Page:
What to watch on TV this week



Maid, all episodes available to stream now on Netflix 

I have to admit, it wasn’t until a friend told me that I knew the lead (Margaret Qualley) in this runaway Netflix hit is actually co-star Andie MacDowell's daughter. I should have guessed from the smile and cheekbones. 

I also didn’t realise Andie MacDowell could act. Every time I happen to catch Four Weddings and a Funeral (usually late night in a hotel room), I can’t help but cringe at that line: “Is it raining? I hadn’t noticed.” Urgh, pass the sick bucket. 

It might seem unlikely for a down-at-luck tale about a single mother trying to make ends meet to have climbed the streaming service’s Top 10 most-watched list, especially with a raft of feelgood Christmas flicks being catapulted onto the small screen. 

But maybe this gritty, emotionally draining, at times heart-wrenching observation not only of single mothers, but of a system which almost sets them up to fail, is what we all need right now. It certainly reminded me not to moan about many of the things I complain about. 


Andie MacDowell as Paula in Maid - Credit: Ricardo Hubbs/Netflix

Based on Stephanie Land’s book – Maid: Hard Work, Low Pay, and a Mother’s Will to Survive – episode one sets out the stall. Living in a rundown static trailer with her two-year-old daughter and emotionally abusive husband Sean (Nick Robinson), after fearing for their safety following one of his alcoholic rages, Alex packs all she can into a tiny bag and bravely escapes.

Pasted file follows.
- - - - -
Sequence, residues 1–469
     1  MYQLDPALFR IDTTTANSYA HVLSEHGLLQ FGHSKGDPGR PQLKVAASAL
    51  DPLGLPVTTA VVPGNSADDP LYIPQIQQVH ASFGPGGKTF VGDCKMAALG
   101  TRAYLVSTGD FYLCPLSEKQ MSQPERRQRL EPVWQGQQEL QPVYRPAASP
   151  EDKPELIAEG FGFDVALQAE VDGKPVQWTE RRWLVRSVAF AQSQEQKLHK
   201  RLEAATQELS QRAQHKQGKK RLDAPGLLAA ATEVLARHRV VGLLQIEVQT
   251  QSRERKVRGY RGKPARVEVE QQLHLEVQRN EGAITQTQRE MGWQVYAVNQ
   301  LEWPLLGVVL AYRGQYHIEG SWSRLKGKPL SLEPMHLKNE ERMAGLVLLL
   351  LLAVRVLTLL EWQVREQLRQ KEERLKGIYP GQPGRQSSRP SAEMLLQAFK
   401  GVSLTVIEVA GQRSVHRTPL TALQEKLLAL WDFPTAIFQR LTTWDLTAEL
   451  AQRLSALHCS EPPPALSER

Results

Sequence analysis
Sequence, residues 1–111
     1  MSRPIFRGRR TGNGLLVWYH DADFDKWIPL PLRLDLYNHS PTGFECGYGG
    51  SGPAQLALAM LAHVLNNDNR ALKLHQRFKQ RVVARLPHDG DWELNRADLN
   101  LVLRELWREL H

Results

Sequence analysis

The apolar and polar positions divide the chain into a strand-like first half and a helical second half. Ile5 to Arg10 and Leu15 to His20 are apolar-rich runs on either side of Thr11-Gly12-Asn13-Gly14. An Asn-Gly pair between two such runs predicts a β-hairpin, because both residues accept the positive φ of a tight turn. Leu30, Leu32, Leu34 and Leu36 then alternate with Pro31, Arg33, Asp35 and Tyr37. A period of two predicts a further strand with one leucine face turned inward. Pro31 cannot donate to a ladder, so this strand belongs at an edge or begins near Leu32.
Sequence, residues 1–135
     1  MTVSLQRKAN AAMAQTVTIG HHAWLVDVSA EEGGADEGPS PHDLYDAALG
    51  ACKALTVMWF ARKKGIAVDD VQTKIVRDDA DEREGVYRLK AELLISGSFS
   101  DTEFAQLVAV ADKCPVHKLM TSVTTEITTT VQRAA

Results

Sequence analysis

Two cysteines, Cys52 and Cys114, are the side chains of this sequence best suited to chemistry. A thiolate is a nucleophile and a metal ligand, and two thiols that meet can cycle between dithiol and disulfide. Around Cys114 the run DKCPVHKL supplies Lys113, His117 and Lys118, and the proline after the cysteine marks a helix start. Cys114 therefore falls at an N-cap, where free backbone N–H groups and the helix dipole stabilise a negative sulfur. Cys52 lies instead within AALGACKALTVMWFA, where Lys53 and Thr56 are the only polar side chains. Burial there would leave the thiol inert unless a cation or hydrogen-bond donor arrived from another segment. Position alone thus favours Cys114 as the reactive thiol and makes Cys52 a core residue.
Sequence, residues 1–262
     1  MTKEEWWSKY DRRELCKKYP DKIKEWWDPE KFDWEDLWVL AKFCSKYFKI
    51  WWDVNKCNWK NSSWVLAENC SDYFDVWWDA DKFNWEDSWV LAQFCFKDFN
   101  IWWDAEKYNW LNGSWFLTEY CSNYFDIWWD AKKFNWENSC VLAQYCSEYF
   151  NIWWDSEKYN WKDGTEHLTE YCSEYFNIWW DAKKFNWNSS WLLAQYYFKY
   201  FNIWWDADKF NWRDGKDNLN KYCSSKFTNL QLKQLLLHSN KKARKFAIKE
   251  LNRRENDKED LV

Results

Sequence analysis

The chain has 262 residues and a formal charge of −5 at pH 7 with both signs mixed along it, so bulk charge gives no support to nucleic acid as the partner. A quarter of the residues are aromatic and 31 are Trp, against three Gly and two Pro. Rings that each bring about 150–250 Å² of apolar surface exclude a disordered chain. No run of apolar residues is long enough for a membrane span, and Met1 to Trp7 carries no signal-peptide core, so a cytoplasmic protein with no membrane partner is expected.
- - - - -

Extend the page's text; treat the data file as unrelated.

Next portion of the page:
Every episode that follows charts the highs and (mostly) lows of her journey. 

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From being told she can’t get a job without a place to live, and can’t live without a place to work. To ending up in a women’s shelter. To exposing her daughter to a horrendous black mould problem which makes her sick. To husband Sean somehow scraping the money together to take her to court for custody. It's often too much to bear as a viewer.

Whenever Alex DOES manage to work (as a Maid for a couldn’t-care-less boss) the odds are stacked against her. We see, through clever onscreen graphics, the money coming in one hand and being dished back out again with the other. In one scene she will practically beg another driver for just $3 as she accidentally daydreamed at the pump. Those are $3 dollars she simply cannot afford. 

There is a point midway towards the end where you feel Alex is going to make it. She’s put her heart and soul into making a life for her daughter and it's paying off in the most beautiful way. But, of course, the opportunity at a fresh start is ripped away cruelly by circumstances beyond her control. 

Add into the mix her hapless, arty-farty mother (MacDowell) Paula, who, like Tennessee Williams’ Blanche Dubois relies on the kindness of strangers (men) and cannot bear to be alone – up and leaving at a whim to follow her latest beau wherever he may land - and her passive-aggressive father Billy Burke (Hank Russell) who always seems to take Sean’s side, and you’ve got a recipe for disaster. 

As Alex lugs her tot from car to car, pillar to post, up and down town, on and off ferries, as an audience you almost lose sight of the fact she’s carrying a person. Her child has almost become living luggage.  

But throughout, Alex proves this couldn’t be further from the truth. She’d go to any length to protect and care for her daughter, no matter the cost to her own sanity.  This character has grit and determination. You’ll cry with her. You’ll root for her. And, happily, you will ultimately celebrate with her. Pour a glass of wine and settle in for the ride.